Nearly 825 meters (2,700 feet) beneath the surface of the sea, broad daylight disappears into an inky ocean void. “Marine snow”—a mix of feces, disintegrated fish, and decaying plants—drifts unseen through the darkness on its way to a benthic graveyard. Against this seemingly empty and frigidly cold backdrop, an octopus floats passively, unfazed by a world utterly hostile to humans. The occasional flap of its ear-like fins is all that’s required for the silent hunter to hold its position.

When more than drowsy drifting is required, however, the deep-sea dweller has another trick up its arms. The aptly-named glowing sucker octopus (Stauroteuthis syrtensis) is one of the only octopuses known to bioluminesce. Along each arm, chemical reactions trigger an array of blue-green lights that twinkle, pulse, and glow. Some scientists have hypothesized that the octopus might use its sparkling displays to communicate with potential partners, but a few clues suggest an alternative explanation.

The glowing sucker octopus feeds primarily on copepods, miniature crustaceans with extremely light-sensitive eyes. Unlike the suckers on its shallow-water relatives, which create strong suction to help the animals move along the ocean floor and snag unsuspecting prey, those on S. syrtensis aren’t actually adhesive. Instead, two stringy appendages, called cirri, flank each modified sucker, and a web of gossamer skin links the arms. Researchers suspect that as copepods are drawn in by the dazzling display and caught in a mucous web, the cirri fan the prey toward the octopus’s mouth like a sticky conveyor belt. Fiery orange skin—although vibrant under the illumination of a camera flash—is invisible in the deep ocean, where long wavelengths of red light can’t penetrate. This sunset-hued tissue provides even better camouflage than transparent skin, since it conceals any glowing critters that might end up in the octopus’s stomach, protecting it from attack by a larger predator.

Observing a deep-sea creature’s natural behavior is a bit like trying to catch lightning in a bottle. As soon as the bright lights of a remotely operated vehicle surprise a denizen of the deep that would otherwise never see daylight, the animal can become stressed and try to flee. As a result, scientists usually don’t get the chance to observe the undisturbed behavior of most deep-sea organisms in the wild (and, if they do, bioluminescence isn’t visible under their blinding strobes). A 1997 study conducted by scientists using an ROV recorded panicked glowing sucker octopuses inflating their webs into taut balloons and pulsing their arms like jellyfish as they tried to avoid the foreign machine.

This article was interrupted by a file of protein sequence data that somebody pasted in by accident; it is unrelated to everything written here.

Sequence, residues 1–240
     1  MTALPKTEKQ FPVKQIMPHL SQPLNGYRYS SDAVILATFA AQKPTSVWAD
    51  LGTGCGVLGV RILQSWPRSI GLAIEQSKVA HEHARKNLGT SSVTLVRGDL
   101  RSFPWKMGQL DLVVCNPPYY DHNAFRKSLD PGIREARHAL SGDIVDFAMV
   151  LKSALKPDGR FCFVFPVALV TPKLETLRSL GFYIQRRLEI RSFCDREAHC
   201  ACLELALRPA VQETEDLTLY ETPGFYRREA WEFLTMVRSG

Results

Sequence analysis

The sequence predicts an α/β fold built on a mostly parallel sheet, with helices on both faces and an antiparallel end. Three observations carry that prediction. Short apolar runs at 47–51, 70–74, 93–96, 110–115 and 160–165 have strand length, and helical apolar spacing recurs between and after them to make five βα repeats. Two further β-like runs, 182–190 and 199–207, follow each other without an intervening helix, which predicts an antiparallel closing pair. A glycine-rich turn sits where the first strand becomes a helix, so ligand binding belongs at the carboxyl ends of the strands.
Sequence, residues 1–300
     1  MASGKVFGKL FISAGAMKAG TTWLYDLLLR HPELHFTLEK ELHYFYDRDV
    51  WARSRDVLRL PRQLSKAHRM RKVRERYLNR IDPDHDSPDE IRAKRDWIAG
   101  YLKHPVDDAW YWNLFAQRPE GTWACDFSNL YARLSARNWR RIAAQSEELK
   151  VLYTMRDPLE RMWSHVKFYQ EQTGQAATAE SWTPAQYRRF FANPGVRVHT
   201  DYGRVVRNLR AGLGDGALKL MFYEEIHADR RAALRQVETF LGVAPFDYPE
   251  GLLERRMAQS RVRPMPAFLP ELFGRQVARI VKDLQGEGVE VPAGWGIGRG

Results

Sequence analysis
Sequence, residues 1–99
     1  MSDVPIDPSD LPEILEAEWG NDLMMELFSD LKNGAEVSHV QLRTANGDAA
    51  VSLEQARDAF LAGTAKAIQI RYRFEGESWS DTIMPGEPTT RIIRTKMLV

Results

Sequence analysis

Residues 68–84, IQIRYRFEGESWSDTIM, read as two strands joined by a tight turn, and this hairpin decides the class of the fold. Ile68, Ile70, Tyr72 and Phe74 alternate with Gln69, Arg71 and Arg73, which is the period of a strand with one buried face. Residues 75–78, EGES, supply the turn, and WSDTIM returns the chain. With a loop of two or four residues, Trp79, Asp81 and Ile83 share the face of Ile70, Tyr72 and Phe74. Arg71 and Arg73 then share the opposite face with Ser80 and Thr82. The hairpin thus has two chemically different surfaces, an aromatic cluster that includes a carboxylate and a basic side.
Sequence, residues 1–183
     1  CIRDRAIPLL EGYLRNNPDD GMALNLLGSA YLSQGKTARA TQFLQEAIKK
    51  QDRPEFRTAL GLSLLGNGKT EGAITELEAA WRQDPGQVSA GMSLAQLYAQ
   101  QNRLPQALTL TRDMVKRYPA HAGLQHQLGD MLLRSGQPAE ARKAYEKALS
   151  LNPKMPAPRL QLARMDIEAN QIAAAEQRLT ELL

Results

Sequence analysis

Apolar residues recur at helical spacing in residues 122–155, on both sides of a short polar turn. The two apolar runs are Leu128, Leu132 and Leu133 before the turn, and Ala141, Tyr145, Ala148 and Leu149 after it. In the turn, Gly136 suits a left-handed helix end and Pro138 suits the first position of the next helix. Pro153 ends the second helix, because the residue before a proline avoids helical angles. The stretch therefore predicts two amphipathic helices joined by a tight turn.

Photographer David Shale was only able to snap a shot of this octopus after bringing it aboard a research vessel cruising in the Gulf of Maine. Under dim red lights and supported by the controlled flow of a tank designed for fragile midwater species, the octopus relaxed. After a bit, it slowly flipped over and inside out to reveal a constellation of lights—attempting, even in its temporary quarters, to attract a fresh meal.

Gulf of Maine, Atlantic Ocean

David Shale

With a background in zoology and oceanography, David Shale began a career as a photographer and filmmaker in 1979. He has won numerous awards since, including a BAFTA for the BBC documentary series “The Blue Planet” in 2002. Throughout his career, Shale specialized in collecting and photographing animals of the deep sea. He is now retired and living in the United Kingdom.

Madison Pobis

Lauren Owens Lambert
Madison Pobis is a science communicator and video producer based in Santa Cruz, California. Her multimedia content informs audiences about the scientific process, inspires wonder and appreciation for the ocean, and imagines creative solutions to environmental challenges. She holds a master’s degree in Environmental Communication from Stanford University.

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